• Crackdown on £190bn-a-year welfare bill
• Payments could be suspended for three months
|Iain Duncan Smith|
Toby Helm and Anushka Asthana
The unemployed will be ordered to do periods of compulsory full-time work in the community or be stripped of their benefits under controversial American-style plans to slash the number of people without jobs.
The proposals, in a white paper on welfare reform to be unveiled this week, are part of a radical government agenda aimed at cutting the £190bn-a-year welfare bill and breaking what the coalition now calls the “habit of worklessness”.
The measures will be announced to parliament by the work and pensions secretary, Iain Duncan Smith, as part of what he will describe as a new “contract” with the 1.4 million people on jobseekers’ allowance. The government’s side of the bargain will be the promise of a new “universal credit”, to replace all existing benefits, that will ensure it always pays to work rather than stay on welfare.
In return, where advisers believe a jobseeker would benefit from experiencing the “habits and routines” of working life, an unemployed person will be told to take up “mandatory work activity” of at least 30 hours a week for a four-week period. If they refuse or fail to complete the programme their jobseeker’s allowance payments, currently £50.95 a week for those under 25 and £64.30 for those over 25, could be stopped for at least three months.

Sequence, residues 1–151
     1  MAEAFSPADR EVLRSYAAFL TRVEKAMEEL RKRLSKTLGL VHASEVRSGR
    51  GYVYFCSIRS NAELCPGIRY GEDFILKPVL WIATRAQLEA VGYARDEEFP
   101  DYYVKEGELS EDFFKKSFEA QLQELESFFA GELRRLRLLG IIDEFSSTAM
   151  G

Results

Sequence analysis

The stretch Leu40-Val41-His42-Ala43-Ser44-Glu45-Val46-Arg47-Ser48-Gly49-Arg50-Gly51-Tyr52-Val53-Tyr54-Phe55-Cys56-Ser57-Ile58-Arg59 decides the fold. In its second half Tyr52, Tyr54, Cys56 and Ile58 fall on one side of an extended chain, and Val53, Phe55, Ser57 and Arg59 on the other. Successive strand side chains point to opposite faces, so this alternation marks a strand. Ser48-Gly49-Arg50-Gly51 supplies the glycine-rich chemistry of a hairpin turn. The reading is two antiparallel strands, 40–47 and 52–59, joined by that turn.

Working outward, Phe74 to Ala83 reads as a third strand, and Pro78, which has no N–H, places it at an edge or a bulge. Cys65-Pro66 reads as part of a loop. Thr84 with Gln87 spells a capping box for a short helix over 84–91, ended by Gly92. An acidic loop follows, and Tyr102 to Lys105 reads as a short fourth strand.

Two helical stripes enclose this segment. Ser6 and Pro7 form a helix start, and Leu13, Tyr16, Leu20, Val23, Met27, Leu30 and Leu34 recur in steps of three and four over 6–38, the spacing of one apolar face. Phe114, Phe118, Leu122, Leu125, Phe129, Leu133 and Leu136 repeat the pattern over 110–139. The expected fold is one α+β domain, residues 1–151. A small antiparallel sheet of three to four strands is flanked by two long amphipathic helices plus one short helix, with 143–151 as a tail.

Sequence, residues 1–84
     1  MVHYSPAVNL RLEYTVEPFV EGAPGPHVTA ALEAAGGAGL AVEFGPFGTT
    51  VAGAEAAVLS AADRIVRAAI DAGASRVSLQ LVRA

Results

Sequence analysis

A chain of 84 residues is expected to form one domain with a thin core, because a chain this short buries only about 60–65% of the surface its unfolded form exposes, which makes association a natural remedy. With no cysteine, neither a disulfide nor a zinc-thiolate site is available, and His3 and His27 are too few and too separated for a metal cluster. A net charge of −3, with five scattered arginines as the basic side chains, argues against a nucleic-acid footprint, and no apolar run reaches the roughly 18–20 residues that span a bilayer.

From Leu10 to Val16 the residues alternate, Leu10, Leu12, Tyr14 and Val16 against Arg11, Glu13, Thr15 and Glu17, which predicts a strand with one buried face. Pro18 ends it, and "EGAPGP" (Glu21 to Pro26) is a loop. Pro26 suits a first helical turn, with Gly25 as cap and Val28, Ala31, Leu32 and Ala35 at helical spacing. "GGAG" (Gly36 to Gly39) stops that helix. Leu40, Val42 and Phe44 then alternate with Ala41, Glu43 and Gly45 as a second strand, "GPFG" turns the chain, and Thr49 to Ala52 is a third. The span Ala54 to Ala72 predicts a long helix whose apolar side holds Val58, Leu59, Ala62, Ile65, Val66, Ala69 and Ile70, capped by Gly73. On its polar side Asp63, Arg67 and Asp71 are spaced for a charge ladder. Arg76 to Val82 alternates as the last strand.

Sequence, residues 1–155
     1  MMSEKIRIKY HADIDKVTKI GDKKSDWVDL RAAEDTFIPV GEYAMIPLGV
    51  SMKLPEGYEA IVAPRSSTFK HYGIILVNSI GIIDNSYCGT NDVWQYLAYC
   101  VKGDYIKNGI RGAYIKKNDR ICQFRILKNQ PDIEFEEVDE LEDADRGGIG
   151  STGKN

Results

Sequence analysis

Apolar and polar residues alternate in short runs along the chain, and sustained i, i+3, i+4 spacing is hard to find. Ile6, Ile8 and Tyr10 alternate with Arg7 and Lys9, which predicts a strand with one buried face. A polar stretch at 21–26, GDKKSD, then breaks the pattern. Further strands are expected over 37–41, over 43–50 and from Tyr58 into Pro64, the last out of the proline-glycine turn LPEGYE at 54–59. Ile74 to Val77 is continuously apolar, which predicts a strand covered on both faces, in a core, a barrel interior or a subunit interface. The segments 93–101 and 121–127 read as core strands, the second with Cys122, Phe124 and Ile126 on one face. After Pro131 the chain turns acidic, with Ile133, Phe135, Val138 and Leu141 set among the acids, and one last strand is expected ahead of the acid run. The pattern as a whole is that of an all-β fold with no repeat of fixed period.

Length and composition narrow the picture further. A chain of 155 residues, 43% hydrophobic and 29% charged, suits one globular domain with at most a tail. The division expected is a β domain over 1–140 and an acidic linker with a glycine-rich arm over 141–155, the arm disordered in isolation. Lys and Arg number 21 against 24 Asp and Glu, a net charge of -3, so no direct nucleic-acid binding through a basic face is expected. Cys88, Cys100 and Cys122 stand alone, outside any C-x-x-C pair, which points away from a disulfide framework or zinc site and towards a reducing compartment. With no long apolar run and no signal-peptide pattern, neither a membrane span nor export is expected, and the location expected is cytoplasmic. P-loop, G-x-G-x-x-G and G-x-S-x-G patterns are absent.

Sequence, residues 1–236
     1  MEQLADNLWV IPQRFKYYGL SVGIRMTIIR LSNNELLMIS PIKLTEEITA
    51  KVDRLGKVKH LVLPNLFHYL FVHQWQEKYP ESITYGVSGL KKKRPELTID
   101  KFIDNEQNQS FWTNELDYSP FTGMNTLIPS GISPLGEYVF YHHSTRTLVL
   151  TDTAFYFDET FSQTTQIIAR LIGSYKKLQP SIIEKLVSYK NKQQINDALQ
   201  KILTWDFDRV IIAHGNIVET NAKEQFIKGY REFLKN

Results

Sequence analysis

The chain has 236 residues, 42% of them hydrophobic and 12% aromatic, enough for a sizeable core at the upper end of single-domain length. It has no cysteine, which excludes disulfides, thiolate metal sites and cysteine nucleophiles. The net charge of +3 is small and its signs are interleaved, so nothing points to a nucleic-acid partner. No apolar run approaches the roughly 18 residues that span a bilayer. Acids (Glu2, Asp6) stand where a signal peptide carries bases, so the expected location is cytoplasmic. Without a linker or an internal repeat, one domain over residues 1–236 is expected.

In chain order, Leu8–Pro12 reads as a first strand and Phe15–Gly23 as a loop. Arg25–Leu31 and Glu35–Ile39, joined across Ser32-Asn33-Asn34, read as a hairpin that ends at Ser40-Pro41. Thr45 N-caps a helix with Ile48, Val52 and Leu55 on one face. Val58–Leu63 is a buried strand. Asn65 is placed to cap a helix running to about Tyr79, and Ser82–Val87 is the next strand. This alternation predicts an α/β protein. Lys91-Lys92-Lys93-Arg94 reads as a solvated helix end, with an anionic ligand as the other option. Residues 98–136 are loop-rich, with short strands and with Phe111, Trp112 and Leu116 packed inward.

The Department for Work and Pensions plans to contract private providers to organise the placements with charities, voluntary organisations and companies. An insider close to the discussions said: “We know there are still some jobseekers who need an extra push to get them into the mindset of being in the working environment and an opportunity to experience that environment.
“This is all about getting them back into a working routine which, in turn, makes them a much more appealing prospect for an employer looking to fill a vacancy, and more confident when they enter the workplace. The goal is to break into the habit of worklessness.”
Sanctions – including removal of benefit – currently exist if people refuse to go on training courses or fail to turn up to job interviews, but they are rarely used.
The plans stop short of systems used in the US since the 1990s under which benefits can be “time limited”, meaning all payments end after a defined period. But they draw heavily on American attempts to change public attitudes to welfare and to change the perception that welfare is an option for life.